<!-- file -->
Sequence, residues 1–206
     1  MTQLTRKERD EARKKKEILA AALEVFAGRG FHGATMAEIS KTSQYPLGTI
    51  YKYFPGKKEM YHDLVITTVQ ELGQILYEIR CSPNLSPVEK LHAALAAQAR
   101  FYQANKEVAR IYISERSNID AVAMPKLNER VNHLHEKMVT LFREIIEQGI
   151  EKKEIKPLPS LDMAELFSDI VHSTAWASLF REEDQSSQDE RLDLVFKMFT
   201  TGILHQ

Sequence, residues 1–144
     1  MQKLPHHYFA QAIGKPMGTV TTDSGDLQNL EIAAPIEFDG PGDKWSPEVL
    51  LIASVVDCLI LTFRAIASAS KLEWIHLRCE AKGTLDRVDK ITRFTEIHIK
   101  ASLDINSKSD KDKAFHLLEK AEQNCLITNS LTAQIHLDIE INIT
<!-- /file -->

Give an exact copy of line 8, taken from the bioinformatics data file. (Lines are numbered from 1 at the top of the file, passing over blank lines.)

     1  MQKLPHHYFA QAIGKPMGTV TTDSGDLQNL EIAAPIEFDG PGDKWSPEVL